And then there are the arm-chair categories – too many to be exhaustive: studies in stellar evolution, planetary evolution, exoplanets and exobiology, galactic evolution, astronomy across the entire electromagnetic spectrum and now gravity waves, black holes, and cosmology. Space travel and technology is a huge category on its own. I have a particular interest in the history of astronomy – how we got to understand things so distant and complex with simpler equipment and theory.

I know members of our community interested in every single one of these categories! And it makes me rejoice that we are together at all our different levels and complementary interests and skills.

Look Up,

Randy Enkin Email

President’s Message – March 2021

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The RASC Victoria Centre welcomed me 3 years ago. I was asked to give a talk about my moon observations at the Astrocafe, and then I became a regular. Now you have given me the opportunity and challenge to be this community’s president.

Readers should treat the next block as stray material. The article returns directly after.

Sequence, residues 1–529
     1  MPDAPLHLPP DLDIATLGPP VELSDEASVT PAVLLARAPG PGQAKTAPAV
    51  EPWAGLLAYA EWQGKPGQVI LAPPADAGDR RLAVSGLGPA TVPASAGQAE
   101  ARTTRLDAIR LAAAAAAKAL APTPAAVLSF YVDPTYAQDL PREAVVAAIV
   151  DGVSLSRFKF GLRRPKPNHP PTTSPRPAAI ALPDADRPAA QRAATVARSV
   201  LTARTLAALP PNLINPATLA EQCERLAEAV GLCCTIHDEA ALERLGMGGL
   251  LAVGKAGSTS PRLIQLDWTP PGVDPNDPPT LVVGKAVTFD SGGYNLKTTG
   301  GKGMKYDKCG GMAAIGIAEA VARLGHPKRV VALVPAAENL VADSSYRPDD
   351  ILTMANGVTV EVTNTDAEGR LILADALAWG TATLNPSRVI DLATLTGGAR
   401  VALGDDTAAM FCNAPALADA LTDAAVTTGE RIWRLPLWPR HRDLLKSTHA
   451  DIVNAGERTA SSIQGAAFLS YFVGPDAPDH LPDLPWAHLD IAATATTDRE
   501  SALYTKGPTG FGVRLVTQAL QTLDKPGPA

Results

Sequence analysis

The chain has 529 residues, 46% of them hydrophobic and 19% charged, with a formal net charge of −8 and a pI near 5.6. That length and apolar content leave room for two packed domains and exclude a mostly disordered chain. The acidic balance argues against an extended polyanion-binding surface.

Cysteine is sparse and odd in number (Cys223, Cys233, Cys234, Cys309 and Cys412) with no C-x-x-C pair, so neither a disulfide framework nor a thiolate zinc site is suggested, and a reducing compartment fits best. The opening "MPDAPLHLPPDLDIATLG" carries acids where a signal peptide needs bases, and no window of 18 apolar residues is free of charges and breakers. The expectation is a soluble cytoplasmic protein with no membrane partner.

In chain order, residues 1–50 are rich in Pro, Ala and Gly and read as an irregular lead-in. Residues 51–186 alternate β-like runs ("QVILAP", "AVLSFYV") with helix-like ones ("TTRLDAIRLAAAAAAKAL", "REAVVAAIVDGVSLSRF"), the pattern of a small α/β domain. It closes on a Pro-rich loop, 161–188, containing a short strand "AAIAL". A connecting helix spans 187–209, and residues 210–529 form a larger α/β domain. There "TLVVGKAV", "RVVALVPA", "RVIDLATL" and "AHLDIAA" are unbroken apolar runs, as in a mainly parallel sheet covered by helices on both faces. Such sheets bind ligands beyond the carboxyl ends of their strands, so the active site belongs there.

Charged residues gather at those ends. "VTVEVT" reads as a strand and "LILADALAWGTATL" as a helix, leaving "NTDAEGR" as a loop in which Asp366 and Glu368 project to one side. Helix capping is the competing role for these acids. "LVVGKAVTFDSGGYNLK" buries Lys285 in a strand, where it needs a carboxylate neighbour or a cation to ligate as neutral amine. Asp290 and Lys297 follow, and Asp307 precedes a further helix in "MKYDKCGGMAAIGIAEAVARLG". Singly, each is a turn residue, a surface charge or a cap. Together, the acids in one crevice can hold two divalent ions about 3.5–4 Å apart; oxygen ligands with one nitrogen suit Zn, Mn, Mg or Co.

Ten-year-old Randy projecting the solar eclipse in Hamilton, Ontario, 1970-07-10. (Photo credit, Eleanor Enkin)
Ten-year-old Randy projecting the solar eclipse in Hamilton, Ontario, 1970-07-10. (Photo credit, Eleanor Enkin)

Astronomy has been a big part of my life since I was 8 years old, when Apollo 11 landed on the moon. While my friends wanted to become astronauts, my attention was on the people on the ground who were so enthusiastic about the science, and I decided I would become an astronomer. The path one walks in life is seldom a straight line, and mine brought me to earth science. I am a research scientist at the Geological Survey of Canada, studying the physical properties of rocks and sediments. But I have always dabbled in astronomy.